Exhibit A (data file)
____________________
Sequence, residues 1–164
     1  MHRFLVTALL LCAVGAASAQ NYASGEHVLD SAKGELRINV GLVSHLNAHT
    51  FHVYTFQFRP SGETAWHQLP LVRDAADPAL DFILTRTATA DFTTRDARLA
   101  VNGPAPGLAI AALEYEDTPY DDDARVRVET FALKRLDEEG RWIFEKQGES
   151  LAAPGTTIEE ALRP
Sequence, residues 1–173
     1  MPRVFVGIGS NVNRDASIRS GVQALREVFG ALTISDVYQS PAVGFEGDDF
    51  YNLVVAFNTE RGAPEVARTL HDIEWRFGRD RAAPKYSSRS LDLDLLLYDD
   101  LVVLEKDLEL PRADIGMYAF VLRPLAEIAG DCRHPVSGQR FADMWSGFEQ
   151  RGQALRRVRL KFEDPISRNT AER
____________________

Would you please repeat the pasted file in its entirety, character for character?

Sequence, residues 1–164
     1  MHRFLVTALL LCAVGAASAQ NYASGEHVLD SAKGELRINV GLVSHLNAHT
    51  FHVYTFQFRP SGETAWHQLP LVRDAADPAL DFILTRTATA DFTTRDARLA
   101  VNGPAPGLAI AALEYEDTPY DDDARVRVET FALKRLDEEG RWIFEKQGES
   151  LAAPGTTIEE ALRP
Sequence, residues 1–173
     1  MPRVFVGIGS NVNRDASIRS GVQALREVFG ALTISDVYQS PAVGFEGDDF
    51  YNLVVAFNTE RGAPEVARTL HDIEWRFGRD RAAPKYSSRS LDLDLLLYDD
   101  LVVLEKDLEL PRADIGMYAF VLRPLAEIAG DCRHPVSGQR FADMWSGFEQ
   151  RGQALRRVRL KFEDPISRNT AER